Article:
We assume that captchas belong to Web 1.0, to a clunkier, Netscapey era of the Internet. But they’re around just as much — in more or less sophisticated forms. In fact, they illustrate the way in which the Internet is ‘chronochaotic,’ suffering olde bits of technology in tandem with the swooshiest HTML 1000 PRO (I made that up. I think). During the design process for AOE, we therefore liked the idea that our cover would effectively be this machine-Turing test for the reader, as well as another kind of test whereby some people will recognise the allusion to captcha, and others, simply will not.

The cover on the right is for the US edition, published by Blue Rider (also part of the Penguin Random House Group). Here, an illustration entitled Luxury Melted Earth by Alex Mackin Dolan, originally sent in as black and white:

ALEX MACKIN DOLAN melted luxury earth

has been artfully colourised and then even more artfully placed on top of a holographic foil.

Luxury Melted Earth _ Alex Mackin Dolan

We always imagined the front cover of the book — a paperback with an identity crisis — to be a kind of screen, so, it was thrilling to be given the go ahead with the holographic foil by our American colleagues. The insides of AOE are strictly black and white, following the example set by Quentin Fiore in The Medium is the Massage:


so, it’s important that the exterior has a chromatic, even tactile quality. The holo-foil is again both contemporary and also quaintly 60s or 70s, as if lasers and space travel have just been invented, and express the frontier of now. A time when Carl Sagan was our guide through the universe:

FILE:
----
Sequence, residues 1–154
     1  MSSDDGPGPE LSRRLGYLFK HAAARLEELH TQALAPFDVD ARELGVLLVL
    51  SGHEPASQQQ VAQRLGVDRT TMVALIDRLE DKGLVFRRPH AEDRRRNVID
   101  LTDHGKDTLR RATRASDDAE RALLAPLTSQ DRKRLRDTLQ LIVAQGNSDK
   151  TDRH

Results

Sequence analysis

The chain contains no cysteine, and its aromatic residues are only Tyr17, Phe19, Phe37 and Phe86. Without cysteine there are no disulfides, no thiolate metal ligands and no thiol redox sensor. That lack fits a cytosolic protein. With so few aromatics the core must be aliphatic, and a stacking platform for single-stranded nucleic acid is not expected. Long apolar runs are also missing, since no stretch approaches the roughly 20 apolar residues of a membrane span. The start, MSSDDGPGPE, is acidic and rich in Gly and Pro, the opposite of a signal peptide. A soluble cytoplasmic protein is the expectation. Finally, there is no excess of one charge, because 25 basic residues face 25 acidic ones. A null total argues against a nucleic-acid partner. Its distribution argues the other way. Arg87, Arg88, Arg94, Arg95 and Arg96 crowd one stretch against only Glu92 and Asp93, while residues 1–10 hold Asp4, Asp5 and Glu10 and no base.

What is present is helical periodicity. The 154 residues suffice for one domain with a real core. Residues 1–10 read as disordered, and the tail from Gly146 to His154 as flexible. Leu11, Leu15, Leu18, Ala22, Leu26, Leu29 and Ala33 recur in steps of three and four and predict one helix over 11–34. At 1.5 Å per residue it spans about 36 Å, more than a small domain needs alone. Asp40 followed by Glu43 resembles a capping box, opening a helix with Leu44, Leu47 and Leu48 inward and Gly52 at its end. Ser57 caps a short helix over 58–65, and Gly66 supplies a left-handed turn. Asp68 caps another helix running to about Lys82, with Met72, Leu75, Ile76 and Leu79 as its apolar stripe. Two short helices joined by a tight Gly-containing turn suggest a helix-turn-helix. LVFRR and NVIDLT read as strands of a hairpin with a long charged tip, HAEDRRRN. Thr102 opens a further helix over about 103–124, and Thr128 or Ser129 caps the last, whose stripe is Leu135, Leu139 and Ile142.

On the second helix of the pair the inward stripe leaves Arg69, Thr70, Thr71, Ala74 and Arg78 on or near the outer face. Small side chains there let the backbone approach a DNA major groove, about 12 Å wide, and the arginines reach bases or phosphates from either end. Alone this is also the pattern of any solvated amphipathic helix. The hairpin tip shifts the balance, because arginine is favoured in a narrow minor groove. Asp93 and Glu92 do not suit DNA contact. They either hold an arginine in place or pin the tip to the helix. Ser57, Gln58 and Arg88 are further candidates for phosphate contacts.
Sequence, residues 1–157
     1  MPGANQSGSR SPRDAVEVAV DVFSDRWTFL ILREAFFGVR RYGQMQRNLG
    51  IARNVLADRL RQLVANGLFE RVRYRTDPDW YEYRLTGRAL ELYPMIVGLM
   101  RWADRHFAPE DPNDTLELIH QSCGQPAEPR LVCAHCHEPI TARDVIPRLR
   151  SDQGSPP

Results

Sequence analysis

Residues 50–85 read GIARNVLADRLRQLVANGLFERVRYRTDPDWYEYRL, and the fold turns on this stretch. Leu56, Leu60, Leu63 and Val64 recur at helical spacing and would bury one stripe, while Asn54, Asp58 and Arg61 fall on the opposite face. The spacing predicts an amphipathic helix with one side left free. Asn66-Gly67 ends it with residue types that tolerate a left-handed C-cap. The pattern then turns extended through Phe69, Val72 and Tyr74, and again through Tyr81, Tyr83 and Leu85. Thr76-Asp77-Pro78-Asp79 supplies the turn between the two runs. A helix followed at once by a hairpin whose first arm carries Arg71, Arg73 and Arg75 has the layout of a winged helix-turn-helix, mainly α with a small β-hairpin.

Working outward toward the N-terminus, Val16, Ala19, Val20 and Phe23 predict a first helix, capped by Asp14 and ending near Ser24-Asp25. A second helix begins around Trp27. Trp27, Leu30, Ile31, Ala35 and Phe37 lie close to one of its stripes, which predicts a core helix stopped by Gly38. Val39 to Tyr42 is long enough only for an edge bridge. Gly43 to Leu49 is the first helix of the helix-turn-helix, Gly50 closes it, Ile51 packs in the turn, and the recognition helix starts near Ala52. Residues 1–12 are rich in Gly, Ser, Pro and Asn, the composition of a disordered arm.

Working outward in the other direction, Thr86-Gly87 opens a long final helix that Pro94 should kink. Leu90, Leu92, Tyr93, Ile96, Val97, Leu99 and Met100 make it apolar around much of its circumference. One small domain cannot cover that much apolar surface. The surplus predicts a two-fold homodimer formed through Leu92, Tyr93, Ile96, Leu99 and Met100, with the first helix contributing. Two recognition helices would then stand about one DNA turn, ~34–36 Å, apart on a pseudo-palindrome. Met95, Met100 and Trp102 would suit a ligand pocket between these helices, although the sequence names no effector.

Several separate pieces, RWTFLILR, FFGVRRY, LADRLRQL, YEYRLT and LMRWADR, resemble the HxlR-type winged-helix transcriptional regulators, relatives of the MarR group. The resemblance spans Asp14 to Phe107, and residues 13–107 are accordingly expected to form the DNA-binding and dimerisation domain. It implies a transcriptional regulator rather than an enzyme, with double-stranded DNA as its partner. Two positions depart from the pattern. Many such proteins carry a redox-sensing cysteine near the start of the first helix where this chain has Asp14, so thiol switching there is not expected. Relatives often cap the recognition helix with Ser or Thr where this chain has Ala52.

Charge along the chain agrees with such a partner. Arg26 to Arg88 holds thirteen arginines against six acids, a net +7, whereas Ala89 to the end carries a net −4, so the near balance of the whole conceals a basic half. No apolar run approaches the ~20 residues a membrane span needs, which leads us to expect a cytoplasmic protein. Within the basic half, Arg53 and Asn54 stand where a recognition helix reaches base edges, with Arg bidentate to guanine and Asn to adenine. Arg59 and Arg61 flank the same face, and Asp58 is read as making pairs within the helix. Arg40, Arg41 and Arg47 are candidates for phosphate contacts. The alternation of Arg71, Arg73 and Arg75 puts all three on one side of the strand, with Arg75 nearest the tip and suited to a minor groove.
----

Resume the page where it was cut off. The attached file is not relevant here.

Carl SaganNotice the name at the bottom. Jerome Agel. Oft forgotten genius svengali who gave birth to some of the most important experimental paperbacks of the later 60s and early 70s, including the McLuhan/Fiore The Medium is the Massage:

Medium is the Massage

Outrageously, Agel’s name was not included on the original Penguin cover from 1967, but, the current re-print amends this, and says, “Co-ordinated by Jerome Agel,” which goes some of the way — but arguably not far enough. For that, I recommend the brilliant The Electric Information Age Book which restores Agel’s cultural and intellectual significance. It’s because of Agel that I’ve come to think of the paperback as a piece of always-new technology. A Papeback OS, as it were.

Doug’s simple request to Wayne was that the cover should “feel like a classic Penguin paperback.” And this time-travel logic continued in the brief for the insides, too: “Wayne, the reader should be able to open our book somewhere and it feels like 1967. Then open it elsewhere and it’s 2015.” Just like the bumpy contours of the Internet itself.


We hope we’ve succeeded.